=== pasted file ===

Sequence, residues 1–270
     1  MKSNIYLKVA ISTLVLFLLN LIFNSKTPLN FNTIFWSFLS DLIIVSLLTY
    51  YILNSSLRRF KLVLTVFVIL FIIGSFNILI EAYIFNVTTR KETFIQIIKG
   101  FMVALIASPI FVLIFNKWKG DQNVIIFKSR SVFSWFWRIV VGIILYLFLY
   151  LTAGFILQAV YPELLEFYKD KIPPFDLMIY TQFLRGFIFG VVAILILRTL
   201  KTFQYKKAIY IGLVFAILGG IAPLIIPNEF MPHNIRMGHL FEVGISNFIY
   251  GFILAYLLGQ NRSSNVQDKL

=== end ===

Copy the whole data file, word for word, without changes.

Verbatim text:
Sequence, residues 1–270
     1  MKSNIYLKVA ISTLVLFLLN LIFNSKTPLN FNTIFWSFLS DLIIVSLLTY
    51  YILNSSLRRF KLVLTVFVIL FIIGSFNILI EAYIFNVTTR KETFIQIIKG
   101  FMVALIASPI FVLIFNKWKG DQNVIIFKSR SVFSWFWRIV VGIILYLFLY
   151  LTAGFILQAV YPELLEFYKD KIPPFDLMIY TQFLRGFIFG VVAILILRTL
   201  KTFQYKKAIY IGLVFAILGG IAPLIIPNEF MPHNIRMGHL FEVGISNFIY
   251  GFILAYLLGQ NRSSNVQDKL